To determine which of these various increases actually impacted the amount of retail sales tax collections, a technique called “first-difference” regression was used. This technique models the change in a particular variable (in this case, per capita retail sales tax collected) based on changes in other variables that might have impacted it over that time. Only some variables will be statistically linked to the rise in per capita retail sales tax collections. The remaining, insignificant variables can be said to have no effective impact on the retail sales tax collections (for more detail on the study and methodology, see Whitacre (2011)).
So, which variables were determined to be “statistically significant?” Only two:
• Tax Rate
• Poverty Rate
Interestingly, only these two variables (higher rates of taxes and higher poverty levels) had any impacts on the changes in retail sales taxes collected over this period. The higher rates of taxes contributed to higher tax collections, while the higher poverty levels in 2008 decreased the levels of tax collections. Notably, the higher levels of broadband adoption played absolutely no role in the changes that were seen in retail sales tax collections. This pattern held when a separate analysis was done on only non-metropolitan counties in the state.
As local governments face new pressures to pay for their hospitals, police, and other necessary services and infrastructure, the prospect of diminished sales tax collections is ominous. E-commerce has been looked at with suspicion, as a potential threat to local viability. The results shown here suggest that broadband access and Internet sales have thus far not decreased sales tax revenues. Tax collections have not varied in any way based on broadband adoption trends.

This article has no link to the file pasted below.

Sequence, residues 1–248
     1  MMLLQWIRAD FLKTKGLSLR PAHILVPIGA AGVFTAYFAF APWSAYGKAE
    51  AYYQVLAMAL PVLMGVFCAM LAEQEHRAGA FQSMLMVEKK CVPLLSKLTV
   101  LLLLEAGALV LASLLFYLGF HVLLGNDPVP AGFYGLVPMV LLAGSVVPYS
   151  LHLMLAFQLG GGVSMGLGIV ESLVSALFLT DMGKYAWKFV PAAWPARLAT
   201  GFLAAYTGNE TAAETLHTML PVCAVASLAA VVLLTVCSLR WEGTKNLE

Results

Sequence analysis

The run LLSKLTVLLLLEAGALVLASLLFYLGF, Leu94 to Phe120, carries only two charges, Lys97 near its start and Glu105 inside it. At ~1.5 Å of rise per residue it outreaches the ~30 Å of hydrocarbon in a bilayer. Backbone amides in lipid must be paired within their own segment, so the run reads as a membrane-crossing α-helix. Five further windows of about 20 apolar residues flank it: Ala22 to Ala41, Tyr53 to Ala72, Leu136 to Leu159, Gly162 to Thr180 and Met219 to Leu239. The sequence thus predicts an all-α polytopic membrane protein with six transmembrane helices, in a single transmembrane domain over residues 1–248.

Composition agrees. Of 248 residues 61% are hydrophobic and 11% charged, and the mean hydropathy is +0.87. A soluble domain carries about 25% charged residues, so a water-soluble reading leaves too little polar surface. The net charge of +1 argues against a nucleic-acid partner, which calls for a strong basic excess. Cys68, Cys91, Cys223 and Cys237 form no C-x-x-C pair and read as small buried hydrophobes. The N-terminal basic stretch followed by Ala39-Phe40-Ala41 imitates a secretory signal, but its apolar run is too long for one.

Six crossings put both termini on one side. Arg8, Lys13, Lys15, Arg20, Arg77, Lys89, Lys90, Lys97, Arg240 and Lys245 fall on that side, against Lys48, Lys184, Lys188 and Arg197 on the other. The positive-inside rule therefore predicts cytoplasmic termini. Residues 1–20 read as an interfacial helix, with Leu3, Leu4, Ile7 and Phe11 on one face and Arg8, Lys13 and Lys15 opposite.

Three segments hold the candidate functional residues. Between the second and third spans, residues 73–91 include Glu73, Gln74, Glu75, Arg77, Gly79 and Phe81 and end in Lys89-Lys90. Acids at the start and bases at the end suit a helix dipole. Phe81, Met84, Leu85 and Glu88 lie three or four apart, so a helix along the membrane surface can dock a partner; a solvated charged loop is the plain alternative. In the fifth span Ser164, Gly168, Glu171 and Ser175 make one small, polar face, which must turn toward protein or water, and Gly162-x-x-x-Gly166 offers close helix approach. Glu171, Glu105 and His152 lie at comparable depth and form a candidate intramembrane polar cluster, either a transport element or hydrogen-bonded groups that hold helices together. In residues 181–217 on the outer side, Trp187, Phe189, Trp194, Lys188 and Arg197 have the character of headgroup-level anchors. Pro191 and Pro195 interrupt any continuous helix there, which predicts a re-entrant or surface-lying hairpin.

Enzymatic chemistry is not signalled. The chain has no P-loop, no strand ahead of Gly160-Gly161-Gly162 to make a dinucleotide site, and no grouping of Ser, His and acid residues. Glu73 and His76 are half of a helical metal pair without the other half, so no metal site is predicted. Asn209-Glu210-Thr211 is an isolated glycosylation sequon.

Communities can confidently offer educational programs to residents about the benefits of broadband, including encouraging participants to shop on the Internet as they feel comfortable. Some will buy online, and others using the Internet as an auxiliary source of information, will buy products locally. However, e-commerce’s percentage of total retail sales has been trending upward for an entire decade. A continuation of that trend over the next decade could change the findings here.
Brian Whitacre is an Associate Professor and Extension Economist and Lara Brooks an Assistant Extension State Specialist at Oklahoma State University. Their findings were published in Regional Science Policy & Practice, April 2011.